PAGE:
Hole 52 Cave

Hole 52 was discovered in 1998 by Everett Kissinger and other scientists of Tongass National Forest. They reported it to cavers of the Tongass Cave Project, who mapped the cave and discovered an extensive bone deposit inside. The cave is located on the mainland side of Blake Passage not far from Lawyer's Cave, but much higher up the mountainside in the same band of marble. Dr. Heaton spent three days in September of 1999 doing a preliminary investigation of the cave with Dave Love and Pete Smith of the TCP and Jackie de Montigny of the Tongass National Forest. The Forest Service provided boat transportation, food, and lodging on a floating wannigan near the cave. Additional funding was provided by grants from the National Science Foundation and the National Geographic Society.

The solar-powered floating wannigan was ideal for sleeping, cooking, and processing bones and sediments from the cave. At right is a view looking south down Blake Channel toward the cave area. The mainland is on the left, and Wrangell Island is on the right in the foreground.

Hole 52 exhibits an interesting combination of features of a den site and a natural trap. The entrance is a large sinkhole, but it is easy to enter from the sloping side. The cave itself contains a series of horizontal passages and vertical pits. Bears, porcupines, and other mammals have used the horizontal passages at the bottom of the sinkhole as dens, but frequently then have fallen down pits inside the cave and been killed or trapped.

Hole 52 originates in a large sinkhole on a karst terrace. At the bottom of the sinkhole are several entrances to the horizontal passages and vertical pits of the cave. Even from the sinkhole, the loud roar of a waterfall inside the cave can be heard.

A porcupine skeleton and a large brown bear skull were found in organic sediments near the cave entrance. The porcupine appeared to be very recent, but the bear skull was radiocarbon dated at 10,350 years old. The horizontal passage in which these bones were found continues for 15 meters then abruptly drops off a 20-meter-deep pit. In the photo at the right, Dave Love sits at the edge of the pit. The bottom of the pit, and even a ledge half way down, is littered with bones of bears and porcupines. Many of them have been crushed or buried by subsequent rock fall. Two black bear crania were collected from the bottom of the pit and were radiocarbon dated at 10,930 and 4,845 years old.

Very little sediment is present at the bottom of the pit. Water is always dripping down the pit, and during rain storms it becomes a roaring shower. This water tends to wash sediments away to a lower level of the cave, where it accumulates in a bedded silt deposit. A small amount of sediment is present at the base of the pit in shallow pockets, and these pockets are loaded with micromammal remains (see photos below). Large numbers of remains were found of porcupine (Erethizon dorsatum), deer mouse (Peromyscus), red-backed vole (Clethrionomys), long-tailed vole (Microtus longicaudus), shrew (Sorex), and bat (Myotis). Single teeth were recovered of ermine (Mustela erminea), river otter (Lontra canadensis), hoary marmot (Marmota caligata), flying squirrel (Glaucomys), and meadow vole (Microtus pennsylvanicus). This represents the greatest rodent diversity of any site found thus far in Southeast Alaska. Even On Your Knees Cave, whose fossils span 50,000 years and several major climatic shifts (and which were excavated for seven years), does not have as much rodent diversity as Hole 52! Yet the fossils of Hole 52 have only been briefly sampled.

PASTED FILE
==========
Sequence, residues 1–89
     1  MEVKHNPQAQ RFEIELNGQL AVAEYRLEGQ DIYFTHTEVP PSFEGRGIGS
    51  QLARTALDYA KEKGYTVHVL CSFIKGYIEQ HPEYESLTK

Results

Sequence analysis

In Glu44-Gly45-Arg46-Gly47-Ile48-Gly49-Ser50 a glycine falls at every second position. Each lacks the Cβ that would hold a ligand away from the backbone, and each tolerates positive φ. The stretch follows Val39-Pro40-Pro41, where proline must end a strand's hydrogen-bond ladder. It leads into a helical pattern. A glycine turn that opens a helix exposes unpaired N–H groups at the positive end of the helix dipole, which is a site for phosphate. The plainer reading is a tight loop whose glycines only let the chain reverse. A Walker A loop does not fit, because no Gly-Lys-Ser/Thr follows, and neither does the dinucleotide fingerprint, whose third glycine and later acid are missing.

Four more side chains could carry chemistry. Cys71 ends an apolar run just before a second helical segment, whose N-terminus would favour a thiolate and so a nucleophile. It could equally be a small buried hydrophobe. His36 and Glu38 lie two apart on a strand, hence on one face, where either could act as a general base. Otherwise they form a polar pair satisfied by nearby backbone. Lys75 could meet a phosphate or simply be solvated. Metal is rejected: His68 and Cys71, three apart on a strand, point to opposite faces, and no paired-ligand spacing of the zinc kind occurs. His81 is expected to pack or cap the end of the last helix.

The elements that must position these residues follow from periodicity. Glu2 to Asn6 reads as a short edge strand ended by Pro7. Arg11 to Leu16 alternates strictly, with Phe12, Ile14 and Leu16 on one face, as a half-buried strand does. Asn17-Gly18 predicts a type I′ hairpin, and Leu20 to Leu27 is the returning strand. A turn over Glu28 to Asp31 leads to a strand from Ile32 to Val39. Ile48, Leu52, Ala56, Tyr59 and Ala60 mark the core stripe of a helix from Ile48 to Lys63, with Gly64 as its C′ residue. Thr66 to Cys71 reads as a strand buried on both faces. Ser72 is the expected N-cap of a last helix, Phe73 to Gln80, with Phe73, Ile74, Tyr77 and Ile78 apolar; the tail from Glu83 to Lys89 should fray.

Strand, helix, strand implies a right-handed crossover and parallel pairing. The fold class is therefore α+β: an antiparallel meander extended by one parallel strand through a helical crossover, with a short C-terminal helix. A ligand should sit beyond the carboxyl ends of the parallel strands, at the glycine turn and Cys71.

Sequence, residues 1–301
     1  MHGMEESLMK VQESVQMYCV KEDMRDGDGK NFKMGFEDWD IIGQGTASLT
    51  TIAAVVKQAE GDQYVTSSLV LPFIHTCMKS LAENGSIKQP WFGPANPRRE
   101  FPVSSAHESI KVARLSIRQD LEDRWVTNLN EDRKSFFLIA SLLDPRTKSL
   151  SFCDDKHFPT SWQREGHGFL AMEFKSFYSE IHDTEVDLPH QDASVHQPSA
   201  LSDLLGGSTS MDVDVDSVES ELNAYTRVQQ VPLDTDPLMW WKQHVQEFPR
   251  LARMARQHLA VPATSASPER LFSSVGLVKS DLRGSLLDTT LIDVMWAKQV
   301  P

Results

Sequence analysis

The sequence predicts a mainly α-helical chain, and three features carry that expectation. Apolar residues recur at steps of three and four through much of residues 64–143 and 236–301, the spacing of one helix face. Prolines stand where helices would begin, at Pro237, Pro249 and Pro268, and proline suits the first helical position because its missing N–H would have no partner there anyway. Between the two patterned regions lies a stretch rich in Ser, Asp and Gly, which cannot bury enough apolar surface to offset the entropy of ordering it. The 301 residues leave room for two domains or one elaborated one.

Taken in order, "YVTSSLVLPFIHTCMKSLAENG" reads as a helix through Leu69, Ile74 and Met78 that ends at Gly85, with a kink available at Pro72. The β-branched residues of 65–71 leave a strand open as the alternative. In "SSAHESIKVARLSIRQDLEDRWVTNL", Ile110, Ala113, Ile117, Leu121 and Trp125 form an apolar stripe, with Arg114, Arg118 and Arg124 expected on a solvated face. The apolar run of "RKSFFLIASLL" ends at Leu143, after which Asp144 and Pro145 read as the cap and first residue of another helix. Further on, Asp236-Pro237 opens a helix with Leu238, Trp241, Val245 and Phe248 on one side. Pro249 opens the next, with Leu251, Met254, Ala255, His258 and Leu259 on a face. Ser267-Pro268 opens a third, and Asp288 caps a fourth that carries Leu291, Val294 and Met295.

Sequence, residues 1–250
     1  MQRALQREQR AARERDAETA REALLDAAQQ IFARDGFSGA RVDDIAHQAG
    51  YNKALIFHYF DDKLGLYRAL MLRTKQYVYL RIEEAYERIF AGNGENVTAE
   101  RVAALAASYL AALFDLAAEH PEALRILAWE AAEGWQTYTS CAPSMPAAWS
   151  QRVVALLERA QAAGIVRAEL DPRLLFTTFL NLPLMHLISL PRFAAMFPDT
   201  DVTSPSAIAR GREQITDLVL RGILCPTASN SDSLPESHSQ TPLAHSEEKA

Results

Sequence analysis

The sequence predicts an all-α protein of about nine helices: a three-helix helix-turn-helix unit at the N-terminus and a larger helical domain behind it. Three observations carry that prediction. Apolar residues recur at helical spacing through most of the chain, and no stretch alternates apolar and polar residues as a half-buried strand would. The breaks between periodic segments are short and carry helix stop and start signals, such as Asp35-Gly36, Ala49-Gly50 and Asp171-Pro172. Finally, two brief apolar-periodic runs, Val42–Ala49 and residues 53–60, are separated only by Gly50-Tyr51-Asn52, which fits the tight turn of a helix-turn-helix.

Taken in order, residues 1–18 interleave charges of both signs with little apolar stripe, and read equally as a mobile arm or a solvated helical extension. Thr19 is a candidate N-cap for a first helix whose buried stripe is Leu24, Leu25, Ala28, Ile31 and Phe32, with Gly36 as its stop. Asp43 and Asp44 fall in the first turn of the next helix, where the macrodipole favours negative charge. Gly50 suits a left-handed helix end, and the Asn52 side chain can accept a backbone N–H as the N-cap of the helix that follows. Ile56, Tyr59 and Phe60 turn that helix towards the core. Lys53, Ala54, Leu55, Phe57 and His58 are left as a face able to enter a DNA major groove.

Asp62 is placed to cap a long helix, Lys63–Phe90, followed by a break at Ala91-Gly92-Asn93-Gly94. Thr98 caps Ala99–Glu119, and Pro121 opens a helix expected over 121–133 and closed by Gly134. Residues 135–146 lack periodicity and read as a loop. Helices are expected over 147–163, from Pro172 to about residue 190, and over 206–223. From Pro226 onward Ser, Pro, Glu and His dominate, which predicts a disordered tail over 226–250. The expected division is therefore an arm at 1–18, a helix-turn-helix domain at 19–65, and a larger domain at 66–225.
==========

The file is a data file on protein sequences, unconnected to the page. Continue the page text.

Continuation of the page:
The most fossiliferous sediments of the cave were found in shallow pockets at the bottom of a 20-meter-deep pit. At left caver Dave Love examines one of these sediment pockets. A porcupine skull is exposed in the sediment pocket above.

Another long passage begins at the bottom of the pit. It slopes downward to a sedimentary deposit that turns into a lake during rain storms. A small test pit was dug in this deposit by Pete Smith, and the sediments contained micromammal fossils. A horizontal traverse across this low, sloping passage leads to another horizontal crawlway that contains bones of black bear and porcupine. Another complex passage leads to this place also, so it is uncertain how the animals arrived there. A black bear canine exposed at the surface was radiocarbon dated at 11,460 years old (the oldest date from the cave). Two additional black bear bones buried in shallow sediment were dated to 10,420 and 10,080 years old. A porcupine skeleton strewn along the crawlway was dated at 4,395 years old.

Clearly Hole 52 has enormous potential for elucidating the postglacial history of the Alaskan mainland. This site, like Lawyer's Cave, will help to establish the time of arrival of land mammals following deglaciation, which in turn will help to answer questions about the origin and diversity of island mammals. So far these mainland caves have not produced any fossils that date to the Last Glacial Maximum or before. These caves were almost certainly under glacial ice during much of the Ice Age. But deeper sediments in these caves have potential for holding fossils from the Middle Wisconsin Interglacial period, and finding such fossils will be a prime objective when these caves are excavated.

© 2002 by Timothy H. Heaton